So You Call Yourself a Feminist…

Two roads diverged in a yellow wood, and you took…

    • The one free from prejudice and racism
    • The one that lacks diversity among your daily encounters
    • The one free from discriminatory stereotypes
    • The one without the worry of your children’s encounters with law enforcement
    • The one with adequate care during labor and delivery for both you and your child
    • The one free from impregnable, systematic oppression
    • The one with accessible educational opportunities; financial or otherwise
    • The one with reliable access to a wide variety of nutritious and affordable foods
    • The one with adequate resources for your mental well-being

If any of these above statements apply to you, you likely lead a life of privilege. Now – before you get #triggered, maybe take the time to really look at things from a different perspective.

You have to acknowledge the challenges that women of color face.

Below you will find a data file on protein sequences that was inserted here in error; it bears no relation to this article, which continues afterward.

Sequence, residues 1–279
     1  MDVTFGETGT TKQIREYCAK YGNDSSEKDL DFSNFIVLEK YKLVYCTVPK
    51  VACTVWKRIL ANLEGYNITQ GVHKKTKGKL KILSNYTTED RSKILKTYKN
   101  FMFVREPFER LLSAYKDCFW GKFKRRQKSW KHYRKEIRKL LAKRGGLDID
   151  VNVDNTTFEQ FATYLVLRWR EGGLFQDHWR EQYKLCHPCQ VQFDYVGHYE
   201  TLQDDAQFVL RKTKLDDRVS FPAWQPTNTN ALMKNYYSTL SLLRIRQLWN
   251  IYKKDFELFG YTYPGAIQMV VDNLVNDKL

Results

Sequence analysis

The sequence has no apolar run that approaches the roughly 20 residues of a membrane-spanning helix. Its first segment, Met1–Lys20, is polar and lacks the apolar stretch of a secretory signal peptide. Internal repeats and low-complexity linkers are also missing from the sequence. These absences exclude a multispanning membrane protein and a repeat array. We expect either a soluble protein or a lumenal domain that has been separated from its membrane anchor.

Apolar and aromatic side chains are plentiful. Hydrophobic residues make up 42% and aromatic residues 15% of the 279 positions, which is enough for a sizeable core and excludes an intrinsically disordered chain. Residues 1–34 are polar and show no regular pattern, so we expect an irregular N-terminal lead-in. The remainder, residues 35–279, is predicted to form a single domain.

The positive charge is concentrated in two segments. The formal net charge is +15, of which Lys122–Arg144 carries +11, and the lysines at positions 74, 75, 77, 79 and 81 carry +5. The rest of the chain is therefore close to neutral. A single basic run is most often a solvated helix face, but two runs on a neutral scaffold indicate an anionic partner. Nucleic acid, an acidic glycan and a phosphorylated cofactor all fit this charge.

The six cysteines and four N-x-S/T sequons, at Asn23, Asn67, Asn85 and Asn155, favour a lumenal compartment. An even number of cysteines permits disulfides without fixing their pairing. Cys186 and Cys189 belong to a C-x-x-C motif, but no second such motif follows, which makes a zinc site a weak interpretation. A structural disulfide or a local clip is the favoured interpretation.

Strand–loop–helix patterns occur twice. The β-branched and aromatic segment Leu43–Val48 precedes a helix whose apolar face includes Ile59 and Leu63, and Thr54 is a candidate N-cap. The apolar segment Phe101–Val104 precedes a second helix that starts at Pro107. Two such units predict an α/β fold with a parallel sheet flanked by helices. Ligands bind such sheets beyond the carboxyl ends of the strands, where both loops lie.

The first real step is realizing and recognizing that because you were born a certain race, your life had better opportunities than those of a different race. If you need me to point them out to you, please feel free to message me.

As the month-long celebration of African-American heritage and history ends, we desperately need to continue being the allies we would want for our sisters of color. Subsequently, the allies we hope our children will be for generations to come.

Before you assume I am coming in with some ‘white savior’ complex – ready to save the day, I’m not here to tell any person of color what you need. I am a Caucasian woman and therefore will never understand what it is like to be a woman of color. And unless you are a woman of color, neither will you. No matter what your perceived circumstance or condition may be, it does not compare to a racial difference. It is not your job to understand what it is like to be a woman of color; your only job is to be a beacon of support, to offer empathy, and act as a true ally.